In a July 28 op-ed in The New York Times, Ben & Jerry’s co-founders Bennett Cohen and 

They further stated that their support of the company’s decision “is not a contradiction nor is it anti-Semitic. In fact, we believe this act can and should be seen as advancing the concepts of justice and human rights, core tenets of Judaism.”

As part of the justification for their claim, they insisted that “is not a boycott of Israel” or an endorsement of the BDS movement.  “As our company began to expand internationally, Israel was one of our first overseas markets. We were then, and remain today, supporters of the State of Israel.”

The board of directors of Ben & Jerry’s has clashed with its parent company, Unilever, however, over the issue.

Onn July 19, Ben & Jerry’s issued a statement that read: “We believe it is inconsistent with our values for Ben & Jerry’s ice cream to be sold in the Occupied Palestinian Territory (OPT). We also hear and recognize the concerns shared with us by our fans and trusted partners. We have a longstanding partnership with our licensee, who manufactures Ben & Jerry’s ice cream in Israel and distributes it in the region. We have been working to change this, and so we have informed our licensee that we will not renew the license agreement when it expires at the end of next year. Although Ben & Jerry’s will no longer be sold in the OPT, we will stay in Israel through a different arrangement. We will share an update on this as soon as we’re ready.”

In response, the very board of directors that Cohen and Greenfield had put in place expressed its objection to the above statement, saying that it “does not reflect the position of the independent board, nor was it approved by the independent board. By taking a position and publishing a statement without the approval of the independent board on an issue directly related to Ben & Jerry’s social mission and brand integrity, Unilever and its CEO at Ben & Jerry’s are in violation of the spirit and the letter of the acquisition agreement.”

According to a report by NBC News, Anuradha Mittal, chairman of the independent board, said that Unilever released the statement against the wishes of the board and in violation of a legal agreement made when it bought Ben & Jerry’s in 2000.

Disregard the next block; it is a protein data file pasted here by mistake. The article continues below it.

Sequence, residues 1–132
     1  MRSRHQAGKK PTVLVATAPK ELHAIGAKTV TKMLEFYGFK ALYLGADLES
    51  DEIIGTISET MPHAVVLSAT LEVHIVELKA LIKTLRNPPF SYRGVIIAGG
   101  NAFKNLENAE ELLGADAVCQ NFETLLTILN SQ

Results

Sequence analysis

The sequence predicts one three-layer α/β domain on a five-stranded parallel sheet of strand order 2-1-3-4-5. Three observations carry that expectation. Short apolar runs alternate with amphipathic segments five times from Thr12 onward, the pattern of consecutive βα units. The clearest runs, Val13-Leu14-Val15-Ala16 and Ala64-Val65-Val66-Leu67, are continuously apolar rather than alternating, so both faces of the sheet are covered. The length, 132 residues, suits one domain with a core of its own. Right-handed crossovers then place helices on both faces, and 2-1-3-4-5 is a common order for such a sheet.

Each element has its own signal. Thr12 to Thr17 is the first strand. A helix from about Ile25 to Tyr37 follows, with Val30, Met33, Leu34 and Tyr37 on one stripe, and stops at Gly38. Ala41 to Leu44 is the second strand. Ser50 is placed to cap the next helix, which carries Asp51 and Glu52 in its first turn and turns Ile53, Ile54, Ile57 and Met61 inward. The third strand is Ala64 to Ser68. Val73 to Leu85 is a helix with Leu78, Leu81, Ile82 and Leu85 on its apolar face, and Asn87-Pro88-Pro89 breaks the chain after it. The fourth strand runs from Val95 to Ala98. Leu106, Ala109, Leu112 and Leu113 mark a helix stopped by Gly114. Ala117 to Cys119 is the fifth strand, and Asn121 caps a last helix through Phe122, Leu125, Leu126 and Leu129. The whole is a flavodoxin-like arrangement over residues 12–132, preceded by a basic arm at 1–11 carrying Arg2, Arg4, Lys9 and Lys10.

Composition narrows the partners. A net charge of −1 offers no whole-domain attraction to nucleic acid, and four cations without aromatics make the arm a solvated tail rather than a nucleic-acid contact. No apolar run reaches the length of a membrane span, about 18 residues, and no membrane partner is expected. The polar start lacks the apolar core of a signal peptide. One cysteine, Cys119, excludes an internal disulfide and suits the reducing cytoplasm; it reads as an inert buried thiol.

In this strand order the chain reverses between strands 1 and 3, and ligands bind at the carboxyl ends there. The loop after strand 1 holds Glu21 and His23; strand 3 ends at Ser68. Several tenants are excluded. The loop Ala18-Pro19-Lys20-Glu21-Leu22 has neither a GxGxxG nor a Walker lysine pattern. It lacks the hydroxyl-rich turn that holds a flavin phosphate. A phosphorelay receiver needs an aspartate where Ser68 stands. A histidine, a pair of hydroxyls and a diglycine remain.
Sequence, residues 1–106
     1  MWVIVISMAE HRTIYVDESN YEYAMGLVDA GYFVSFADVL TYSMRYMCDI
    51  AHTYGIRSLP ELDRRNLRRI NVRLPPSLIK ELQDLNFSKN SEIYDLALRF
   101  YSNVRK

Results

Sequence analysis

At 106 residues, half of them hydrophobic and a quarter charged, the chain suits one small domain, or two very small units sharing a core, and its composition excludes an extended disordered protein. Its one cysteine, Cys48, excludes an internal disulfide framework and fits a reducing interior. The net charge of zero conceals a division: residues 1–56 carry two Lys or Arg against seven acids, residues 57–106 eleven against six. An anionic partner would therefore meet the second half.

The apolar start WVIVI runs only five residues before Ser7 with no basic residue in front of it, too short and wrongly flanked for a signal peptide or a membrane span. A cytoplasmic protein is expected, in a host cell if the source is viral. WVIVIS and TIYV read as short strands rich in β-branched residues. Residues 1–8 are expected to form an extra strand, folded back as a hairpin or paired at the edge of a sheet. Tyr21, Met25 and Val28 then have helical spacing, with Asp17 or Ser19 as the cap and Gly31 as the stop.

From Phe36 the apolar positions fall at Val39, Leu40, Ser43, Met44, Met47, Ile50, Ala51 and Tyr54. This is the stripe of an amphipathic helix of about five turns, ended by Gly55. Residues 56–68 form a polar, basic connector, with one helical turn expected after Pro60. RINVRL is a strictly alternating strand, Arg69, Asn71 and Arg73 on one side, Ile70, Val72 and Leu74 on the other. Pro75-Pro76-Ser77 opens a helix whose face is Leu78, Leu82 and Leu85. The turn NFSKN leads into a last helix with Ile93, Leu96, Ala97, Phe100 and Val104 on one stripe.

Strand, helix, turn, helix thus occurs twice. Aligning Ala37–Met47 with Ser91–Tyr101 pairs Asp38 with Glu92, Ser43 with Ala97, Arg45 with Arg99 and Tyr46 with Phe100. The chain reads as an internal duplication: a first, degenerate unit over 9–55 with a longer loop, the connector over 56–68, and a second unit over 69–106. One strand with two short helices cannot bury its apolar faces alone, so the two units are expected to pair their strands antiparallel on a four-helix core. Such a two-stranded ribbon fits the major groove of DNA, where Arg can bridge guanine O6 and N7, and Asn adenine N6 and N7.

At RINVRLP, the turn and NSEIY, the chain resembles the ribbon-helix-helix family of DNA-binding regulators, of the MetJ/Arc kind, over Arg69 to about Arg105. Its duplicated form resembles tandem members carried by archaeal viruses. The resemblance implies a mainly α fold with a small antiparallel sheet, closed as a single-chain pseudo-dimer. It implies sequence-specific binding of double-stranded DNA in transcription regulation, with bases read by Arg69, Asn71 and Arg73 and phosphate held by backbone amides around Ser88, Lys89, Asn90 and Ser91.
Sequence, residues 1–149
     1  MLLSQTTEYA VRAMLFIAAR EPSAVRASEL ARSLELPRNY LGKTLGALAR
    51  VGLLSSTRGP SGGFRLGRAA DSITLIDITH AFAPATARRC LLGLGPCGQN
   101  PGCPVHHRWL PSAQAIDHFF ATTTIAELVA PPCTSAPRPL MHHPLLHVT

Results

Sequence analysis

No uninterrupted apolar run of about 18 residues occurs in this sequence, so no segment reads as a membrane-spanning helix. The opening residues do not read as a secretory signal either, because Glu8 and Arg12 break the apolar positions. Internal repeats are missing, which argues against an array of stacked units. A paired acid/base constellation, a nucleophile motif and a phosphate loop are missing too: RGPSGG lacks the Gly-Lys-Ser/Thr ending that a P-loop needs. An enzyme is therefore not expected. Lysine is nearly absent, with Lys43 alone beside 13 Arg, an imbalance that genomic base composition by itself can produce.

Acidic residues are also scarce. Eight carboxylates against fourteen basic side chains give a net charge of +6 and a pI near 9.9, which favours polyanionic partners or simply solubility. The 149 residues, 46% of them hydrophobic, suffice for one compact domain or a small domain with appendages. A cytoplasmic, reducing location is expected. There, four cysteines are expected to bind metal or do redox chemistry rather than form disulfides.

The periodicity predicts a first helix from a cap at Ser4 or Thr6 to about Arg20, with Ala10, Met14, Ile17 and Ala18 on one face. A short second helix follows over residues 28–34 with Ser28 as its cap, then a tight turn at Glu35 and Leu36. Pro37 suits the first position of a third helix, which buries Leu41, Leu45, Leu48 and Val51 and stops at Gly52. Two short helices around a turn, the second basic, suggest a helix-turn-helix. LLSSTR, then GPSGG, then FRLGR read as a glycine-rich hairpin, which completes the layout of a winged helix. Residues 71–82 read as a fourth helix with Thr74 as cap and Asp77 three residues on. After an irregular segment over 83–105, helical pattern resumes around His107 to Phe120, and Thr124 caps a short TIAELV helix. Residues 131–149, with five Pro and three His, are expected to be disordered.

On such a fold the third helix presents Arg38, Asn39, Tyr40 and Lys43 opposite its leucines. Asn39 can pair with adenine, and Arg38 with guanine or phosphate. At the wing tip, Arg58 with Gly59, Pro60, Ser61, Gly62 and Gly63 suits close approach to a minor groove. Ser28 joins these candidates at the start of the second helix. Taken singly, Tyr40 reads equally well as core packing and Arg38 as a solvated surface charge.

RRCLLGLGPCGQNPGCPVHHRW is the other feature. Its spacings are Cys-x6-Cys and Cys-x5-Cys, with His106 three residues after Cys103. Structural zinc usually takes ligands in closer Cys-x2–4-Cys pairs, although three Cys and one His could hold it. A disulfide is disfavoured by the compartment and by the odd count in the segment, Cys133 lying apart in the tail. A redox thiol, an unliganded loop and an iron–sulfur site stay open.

“I am saddened by the deceit of it,” Mittal said, according to the report. “This is not about Israel. It is about the violation of the acquisition agreement that maintained the soul of the company. I can’t stop thinking that this is what happens when you have a board with all women and people of color who have been pushing to do the right thing.”

It is clear, in other words, that the decision of the board was to ban sales of its ice cream in all of Israel.

Mittal’s history of support for BDS and opposition to Israel is no secret.  In a tweet about Israeli Independence Day in 2018, she wrote: “The catastrophe [of the establishment of the State of Israel] continues #Nakba70 years later #palestine bleeds Boycott Divest Sanctions #israel.”

In June of this year, she boasted on Twitter: “I signed a petition to @ABlinken demanding that he halt the $735 million in weapons to Israel!”

Cohen and Greenfield can’t claim, as they do, to be “proud Jews” and “supporters of Israel,” after placing a BDS-backing anti-Semite like Mittal at the head of their board and praising her. Real “proud Jews” and “supporters of Israel” would reverse Ben & Jerry’s decision. “Proud Jews” would never favor an anti-Semitic ban on sales to Jews in Jerusalem, home of Judaism’s holiest sites—the Temple Mount and the Western Wall—or in Judea and Samaria, where the forefathers and foremothers of the Jewish people are buried.

It is thus up to real supporters of Israel to fight this anti-Semitic decision, as some brave Ben and Jerry’s franchise-holders have done.

Farley Weiss, former president of the National Council of Young Israel, is an intellectual property attorney for the law firm of Weiss & Moy. The views expressed are the author’s, and not necessarily representative of NCYI.

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